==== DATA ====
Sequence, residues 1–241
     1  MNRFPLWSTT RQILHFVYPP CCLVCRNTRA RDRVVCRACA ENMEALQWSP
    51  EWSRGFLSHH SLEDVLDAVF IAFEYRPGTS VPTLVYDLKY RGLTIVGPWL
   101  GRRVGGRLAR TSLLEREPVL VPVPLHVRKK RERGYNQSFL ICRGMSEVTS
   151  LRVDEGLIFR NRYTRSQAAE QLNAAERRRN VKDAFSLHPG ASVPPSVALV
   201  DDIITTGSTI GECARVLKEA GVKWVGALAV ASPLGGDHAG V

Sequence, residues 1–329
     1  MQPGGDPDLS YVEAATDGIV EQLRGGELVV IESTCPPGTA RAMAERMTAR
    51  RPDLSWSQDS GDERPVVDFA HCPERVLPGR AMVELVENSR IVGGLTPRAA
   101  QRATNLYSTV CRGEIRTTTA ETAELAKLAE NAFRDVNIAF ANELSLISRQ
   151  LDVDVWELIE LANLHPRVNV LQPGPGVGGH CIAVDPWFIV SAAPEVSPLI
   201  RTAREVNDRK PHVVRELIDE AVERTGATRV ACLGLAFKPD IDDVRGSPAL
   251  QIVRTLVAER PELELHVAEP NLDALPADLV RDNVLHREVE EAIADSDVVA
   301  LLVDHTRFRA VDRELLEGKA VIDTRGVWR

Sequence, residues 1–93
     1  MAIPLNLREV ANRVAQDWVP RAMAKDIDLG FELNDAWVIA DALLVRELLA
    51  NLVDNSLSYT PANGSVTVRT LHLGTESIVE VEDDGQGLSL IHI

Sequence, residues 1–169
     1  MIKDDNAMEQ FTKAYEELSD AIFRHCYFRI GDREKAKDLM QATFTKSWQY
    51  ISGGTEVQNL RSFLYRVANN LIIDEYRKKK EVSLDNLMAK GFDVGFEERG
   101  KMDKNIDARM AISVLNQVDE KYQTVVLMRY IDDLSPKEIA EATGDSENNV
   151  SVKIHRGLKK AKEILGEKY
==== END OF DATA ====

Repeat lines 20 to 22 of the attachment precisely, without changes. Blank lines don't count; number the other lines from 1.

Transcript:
    51  ISGGTEVQNL RSFLYRVANN LIIDEYRKKK EVSLDNLMAK GFDVGFEERG
   101  KMDKNIDARM AISVLNQVDE KYQTVVLMRY IDDLSPKEIA EATGDSENNV
   151  SVKIHRGLKK AKEILGEKY